Just to demonstrate, some of the investigation time frames are quite lengthy, because we have recovered, to date, in excess of 7,600 emails, 141,000 documents, 116,000-plus images and thousands of email attachments. That just highlights for you the extent of the investigation we are undertaking.

Far out. That’s a lot of stuff. Nothing beats coercive power and the AFP have that in spades. More than me, that’s for sure.

The well-read Senator Collins asked:

Does all that material you just referred to cover the book Ashbygate?

Close:

No.

Colvin:

No.

In other words, the AFP enquiry is confined to ‘unauthorised disclosure and access’ and is not going anywhere near abuse of the court or a breach of S147 of the Commonwealth Criminal Code, which makes it pretty clear you can’t set out to harm a Commonwealth public official - which is what an MP is and what the Ashbygate plotters did.

Anyway, Collins kept pushing and the AFP stayed cagey. O’Sullivan protested and Collins accused him of having come straight from the pub, to wit the Kingston Hotel. Not me, said O’Sullivan.

After Deputy Close obliquely confirmed Mal had been formally interviewed:

It really will depend on the analysis of all the material that I outlined to you earlier as to whether we need another interview or not.

... we got a glimpse of the snow job to come.

Macdonald opined:

That would be a very time-consuming exercise, I take it … For something that I would have thought – and you can tell me I am wrong – in the course of criminal activities that the AFP look at would rank pretty low: unauthorised disclosure.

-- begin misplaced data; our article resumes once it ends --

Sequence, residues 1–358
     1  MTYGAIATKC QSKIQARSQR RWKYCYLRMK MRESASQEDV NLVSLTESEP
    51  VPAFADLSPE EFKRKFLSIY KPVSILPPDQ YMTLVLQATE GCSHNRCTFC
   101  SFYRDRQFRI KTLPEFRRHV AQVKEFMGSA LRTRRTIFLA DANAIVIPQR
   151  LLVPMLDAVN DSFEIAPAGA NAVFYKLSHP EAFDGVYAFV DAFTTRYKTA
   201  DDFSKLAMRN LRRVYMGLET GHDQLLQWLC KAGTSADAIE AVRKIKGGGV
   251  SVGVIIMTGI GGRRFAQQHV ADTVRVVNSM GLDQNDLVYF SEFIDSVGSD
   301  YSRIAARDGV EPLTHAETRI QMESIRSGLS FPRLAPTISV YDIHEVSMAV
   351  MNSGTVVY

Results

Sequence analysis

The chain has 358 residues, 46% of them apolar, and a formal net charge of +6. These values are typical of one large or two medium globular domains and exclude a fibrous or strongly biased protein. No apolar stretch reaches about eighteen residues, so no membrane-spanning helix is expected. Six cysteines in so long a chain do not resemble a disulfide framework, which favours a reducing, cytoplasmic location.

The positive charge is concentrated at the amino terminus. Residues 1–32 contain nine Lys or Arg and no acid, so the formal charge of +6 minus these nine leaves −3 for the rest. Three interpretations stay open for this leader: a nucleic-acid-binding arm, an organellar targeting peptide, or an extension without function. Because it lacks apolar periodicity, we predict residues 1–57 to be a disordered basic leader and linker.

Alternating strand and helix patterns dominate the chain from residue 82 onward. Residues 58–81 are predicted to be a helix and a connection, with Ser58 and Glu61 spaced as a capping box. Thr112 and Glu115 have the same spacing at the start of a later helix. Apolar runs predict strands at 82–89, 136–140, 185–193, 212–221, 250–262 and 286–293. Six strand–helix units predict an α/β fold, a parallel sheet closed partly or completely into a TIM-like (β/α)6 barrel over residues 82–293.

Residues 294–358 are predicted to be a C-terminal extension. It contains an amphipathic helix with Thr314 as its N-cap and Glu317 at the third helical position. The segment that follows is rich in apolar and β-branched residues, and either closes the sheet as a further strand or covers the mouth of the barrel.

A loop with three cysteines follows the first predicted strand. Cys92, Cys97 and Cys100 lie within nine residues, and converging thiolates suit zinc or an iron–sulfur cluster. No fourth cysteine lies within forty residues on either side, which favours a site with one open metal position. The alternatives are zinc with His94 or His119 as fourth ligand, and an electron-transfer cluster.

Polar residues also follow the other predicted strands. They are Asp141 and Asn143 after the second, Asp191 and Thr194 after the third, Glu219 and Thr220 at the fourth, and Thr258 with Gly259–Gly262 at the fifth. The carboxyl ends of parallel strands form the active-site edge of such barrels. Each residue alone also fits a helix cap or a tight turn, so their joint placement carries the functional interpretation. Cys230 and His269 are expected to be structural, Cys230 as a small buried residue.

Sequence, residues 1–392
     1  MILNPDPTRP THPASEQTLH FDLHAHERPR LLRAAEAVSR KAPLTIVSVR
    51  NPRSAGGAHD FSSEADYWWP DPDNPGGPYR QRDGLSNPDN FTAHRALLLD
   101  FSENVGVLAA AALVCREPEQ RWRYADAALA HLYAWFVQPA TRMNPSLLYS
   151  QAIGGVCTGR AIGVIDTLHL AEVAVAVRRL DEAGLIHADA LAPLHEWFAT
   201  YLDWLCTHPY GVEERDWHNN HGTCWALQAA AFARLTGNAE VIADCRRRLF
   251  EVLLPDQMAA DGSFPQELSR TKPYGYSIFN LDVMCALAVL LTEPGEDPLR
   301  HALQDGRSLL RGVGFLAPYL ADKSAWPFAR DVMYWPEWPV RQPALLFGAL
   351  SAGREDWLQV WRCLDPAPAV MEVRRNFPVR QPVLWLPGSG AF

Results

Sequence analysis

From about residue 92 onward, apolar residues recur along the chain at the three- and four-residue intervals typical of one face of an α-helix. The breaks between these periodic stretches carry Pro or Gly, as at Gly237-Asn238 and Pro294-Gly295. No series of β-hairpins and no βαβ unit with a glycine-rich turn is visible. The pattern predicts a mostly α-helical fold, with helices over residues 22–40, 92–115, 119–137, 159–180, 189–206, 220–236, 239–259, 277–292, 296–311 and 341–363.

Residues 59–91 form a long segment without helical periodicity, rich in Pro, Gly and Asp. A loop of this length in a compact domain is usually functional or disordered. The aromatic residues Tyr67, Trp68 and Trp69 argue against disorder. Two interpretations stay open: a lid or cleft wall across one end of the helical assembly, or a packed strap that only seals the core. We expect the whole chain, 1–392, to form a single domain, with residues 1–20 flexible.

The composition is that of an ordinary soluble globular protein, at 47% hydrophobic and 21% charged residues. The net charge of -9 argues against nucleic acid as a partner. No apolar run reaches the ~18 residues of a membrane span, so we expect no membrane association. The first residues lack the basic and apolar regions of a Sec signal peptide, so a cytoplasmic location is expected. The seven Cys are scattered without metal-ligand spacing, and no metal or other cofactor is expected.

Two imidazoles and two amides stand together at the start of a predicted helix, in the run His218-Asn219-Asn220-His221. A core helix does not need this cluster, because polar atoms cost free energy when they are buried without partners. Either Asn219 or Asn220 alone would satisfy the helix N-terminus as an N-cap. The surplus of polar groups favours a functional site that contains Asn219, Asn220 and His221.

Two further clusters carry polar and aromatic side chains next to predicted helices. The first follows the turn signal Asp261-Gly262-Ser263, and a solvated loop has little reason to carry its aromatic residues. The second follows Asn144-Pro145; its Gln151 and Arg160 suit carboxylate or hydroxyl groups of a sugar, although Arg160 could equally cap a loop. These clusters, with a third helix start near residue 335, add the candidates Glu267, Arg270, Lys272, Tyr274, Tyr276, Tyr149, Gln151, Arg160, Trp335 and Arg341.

Enigmatically, Colvin replied:

… there are broader considerations for the AFP than just the penalty of the offence. It is the circumstances and the public interest in the matter. I am probably better off just leaving it at that.

In his strangled voice, not to mention syntax, Senator Brandis chipped in:

I think, if I do not misunderstand what is being said, that it is actually not the offence of unauthorised disclosure; it is the offence of procuring another person to have unauthorised access.

I do not think it is being suggested that Mr Brough himself had unauthorised access. I think it is being suggested by some that Mr Brough encouraged somebody else to have unauthorised access.

As in:

'Can that be emailed James it is hard to read Mal.brough2@bigpond.com'

Macdonald was onto it:

It is wasting resources, is my point, when we are dealing with criminals, thugs, rapists, murderers, and we have the AFP looking through hundreds of thousands of documents and emails for an offence which, even on conviction, I guess would get a good behaviour bond or something. That would be my experience of how lenient the courts are these days …

And that, my friends, is the party line. Nothing much happened. No coup here.

Postscript

One of my trusted sources, Mr Tabasco, sent me the excerpt and I confess to not trying to track the official document (it’s not that easy), but in the excerpt an odd thing stands out.

The males’ first names or initials are never mentioned – Senator Brandis, Mr Colvin, etc – but all the females are – Jacinta Collins, Ms L Close and Catryna Bilyk.

Note:

Hansard ... sexist?

As I said, odd.

Ross Jones is the author of  Ashbygate: the plot to destroy Australia's Speaker, published by IA, October 2015.

You can follow Ross on Twitter @RPZJones.